Wednesday, 17 January 2007

Political Notebook, Wednesday 17th January, 2007.


How Kadima Killed Israeli Liberalism
The Financial Times reports today that the Kadima (Forward) led government is struggling, as the Army Chief of Staff has resigned over the conduct of the Lebanon incursion, and the Prime Minister Ehud Olmert faces inquiries into alleged corruption in has past. The resignation of the head of the head of the armed forces clearly raises the question of the responsibility of political leaders, particularly the Prime Minister.

Kadima serves as a weakly defined centrist gathering, dominated by ex-members of Likud and then Labour, dominated in the first place by the very strong personality of Ariel Sharon and then the rather last imposing personality of Olmert.

A third party was all but completely absorbed into Kadima, the Israeli Liberal party Shinui (Reform). Shinui was the third party in the 2003 Knesset election, standing for a healthy mix of free market economics, and progressive social values. In the latter field, it particularly emphasised secularism, strongly and resolutely challenging the privileges of ultra-orthodox religious Jews. Sadly Shinui leaders and Knesset members were sucked into the personalised vague populist centrism of Kadima. The remainder of Shinui split into two parties, both with no influence whatsoever, and certainly no representation in the Knesset.

Likud are now making a come back under the brutally suave charm of Benjamin Netanyahu. Whatever one might think about Israeli politics, Israel needs stable well defined parties to face its very considerable challenges and to make the decisions which will guarantee Israel's future.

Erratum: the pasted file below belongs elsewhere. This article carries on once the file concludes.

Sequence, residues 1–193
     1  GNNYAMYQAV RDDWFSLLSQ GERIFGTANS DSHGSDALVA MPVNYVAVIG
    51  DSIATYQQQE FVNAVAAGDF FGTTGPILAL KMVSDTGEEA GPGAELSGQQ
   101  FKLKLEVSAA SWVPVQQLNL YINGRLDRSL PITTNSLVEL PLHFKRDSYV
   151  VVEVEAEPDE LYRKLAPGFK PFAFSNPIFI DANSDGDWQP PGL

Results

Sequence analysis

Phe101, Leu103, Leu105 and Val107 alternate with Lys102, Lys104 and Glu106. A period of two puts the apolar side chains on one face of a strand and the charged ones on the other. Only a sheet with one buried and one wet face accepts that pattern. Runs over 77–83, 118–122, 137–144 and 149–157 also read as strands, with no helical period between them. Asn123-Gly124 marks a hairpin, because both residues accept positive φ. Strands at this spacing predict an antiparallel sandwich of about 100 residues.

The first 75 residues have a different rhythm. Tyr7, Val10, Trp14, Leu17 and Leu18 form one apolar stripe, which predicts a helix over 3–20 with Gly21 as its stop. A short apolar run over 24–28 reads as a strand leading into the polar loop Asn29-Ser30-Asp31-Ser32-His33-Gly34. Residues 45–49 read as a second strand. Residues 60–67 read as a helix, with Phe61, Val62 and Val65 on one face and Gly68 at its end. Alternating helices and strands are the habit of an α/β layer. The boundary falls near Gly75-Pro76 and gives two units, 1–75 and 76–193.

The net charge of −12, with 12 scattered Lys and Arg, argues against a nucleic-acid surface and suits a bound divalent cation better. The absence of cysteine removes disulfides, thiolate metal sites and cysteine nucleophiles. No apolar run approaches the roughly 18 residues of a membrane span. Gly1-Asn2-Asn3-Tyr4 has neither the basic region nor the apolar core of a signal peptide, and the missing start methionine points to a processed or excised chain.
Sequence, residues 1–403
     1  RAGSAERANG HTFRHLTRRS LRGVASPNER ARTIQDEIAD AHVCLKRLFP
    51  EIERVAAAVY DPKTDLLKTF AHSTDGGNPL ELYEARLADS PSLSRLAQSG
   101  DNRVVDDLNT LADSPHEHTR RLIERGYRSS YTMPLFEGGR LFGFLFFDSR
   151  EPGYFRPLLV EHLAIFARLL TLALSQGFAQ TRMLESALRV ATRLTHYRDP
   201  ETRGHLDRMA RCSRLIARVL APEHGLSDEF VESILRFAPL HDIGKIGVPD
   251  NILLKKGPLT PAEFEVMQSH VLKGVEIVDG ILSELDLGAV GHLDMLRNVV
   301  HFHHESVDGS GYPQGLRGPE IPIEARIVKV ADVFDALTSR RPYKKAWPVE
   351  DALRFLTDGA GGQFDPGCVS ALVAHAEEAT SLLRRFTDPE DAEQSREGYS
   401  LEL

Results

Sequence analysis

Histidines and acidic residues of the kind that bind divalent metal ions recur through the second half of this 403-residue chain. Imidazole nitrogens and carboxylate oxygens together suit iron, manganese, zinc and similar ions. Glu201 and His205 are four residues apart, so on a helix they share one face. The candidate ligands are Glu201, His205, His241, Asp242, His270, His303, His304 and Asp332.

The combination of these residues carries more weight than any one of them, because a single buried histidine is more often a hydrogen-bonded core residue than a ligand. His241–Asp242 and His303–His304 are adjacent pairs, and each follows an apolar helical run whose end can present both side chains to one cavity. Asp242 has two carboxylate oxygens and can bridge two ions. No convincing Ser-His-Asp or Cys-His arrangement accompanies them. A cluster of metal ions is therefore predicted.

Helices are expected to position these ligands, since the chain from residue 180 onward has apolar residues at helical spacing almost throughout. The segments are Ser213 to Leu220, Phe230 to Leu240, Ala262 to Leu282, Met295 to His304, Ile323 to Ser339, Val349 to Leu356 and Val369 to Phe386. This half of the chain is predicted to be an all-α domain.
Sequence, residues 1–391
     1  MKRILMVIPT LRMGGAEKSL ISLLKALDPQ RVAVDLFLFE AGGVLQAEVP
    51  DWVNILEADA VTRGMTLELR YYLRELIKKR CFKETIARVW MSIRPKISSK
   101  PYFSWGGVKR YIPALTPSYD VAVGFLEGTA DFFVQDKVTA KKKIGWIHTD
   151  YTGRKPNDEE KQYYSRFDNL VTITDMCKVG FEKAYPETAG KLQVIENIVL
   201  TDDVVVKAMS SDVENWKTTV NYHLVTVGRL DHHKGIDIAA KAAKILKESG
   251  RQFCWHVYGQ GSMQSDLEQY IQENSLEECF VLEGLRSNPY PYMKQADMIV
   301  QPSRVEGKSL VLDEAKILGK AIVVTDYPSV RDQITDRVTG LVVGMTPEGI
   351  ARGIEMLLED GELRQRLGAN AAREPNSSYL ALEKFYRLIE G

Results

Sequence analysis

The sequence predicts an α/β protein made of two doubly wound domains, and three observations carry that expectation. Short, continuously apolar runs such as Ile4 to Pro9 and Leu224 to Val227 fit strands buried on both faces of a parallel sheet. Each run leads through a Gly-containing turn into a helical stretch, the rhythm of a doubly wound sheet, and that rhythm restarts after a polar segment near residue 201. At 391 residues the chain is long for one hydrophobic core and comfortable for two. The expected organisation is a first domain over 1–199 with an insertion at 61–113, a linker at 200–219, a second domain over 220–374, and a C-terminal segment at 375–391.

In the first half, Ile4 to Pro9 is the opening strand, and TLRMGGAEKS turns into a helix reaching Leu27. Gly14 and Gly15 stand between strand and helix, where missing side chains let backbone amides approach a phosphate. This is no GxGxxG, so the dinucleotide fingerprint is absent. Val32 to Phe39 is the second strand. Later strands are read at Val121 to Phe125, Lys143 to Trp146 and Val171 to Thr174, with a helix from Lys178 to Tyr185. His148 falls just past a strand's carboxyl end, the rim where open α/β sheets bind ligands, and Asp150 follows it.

It's important that Israeli democracy works well. Even those who are most critical of Israel must understand that Israel has a genuine functioning democracy and market economy. If these things cannot survive and work well in Israel, how can they work in the other Middle Eastern countries? In the long run, Middle East peace and co-operation must make positive use of the example of Israel as a Middle Eastern nation, rooted in common Arab and Jewish culture. Even those who question the origins of the Israeli state must recognise its real political and economic achievements, and must seek benefits from them for all the peoples.

Unfortunately the unnecessary death of Shinui has left Israeli democracy bereft of a strong force for individualism and secularism at the heart of its democracy. A lesson to be learned on sticking to politics of meaningful choice and meaningful alternatives, I believe.

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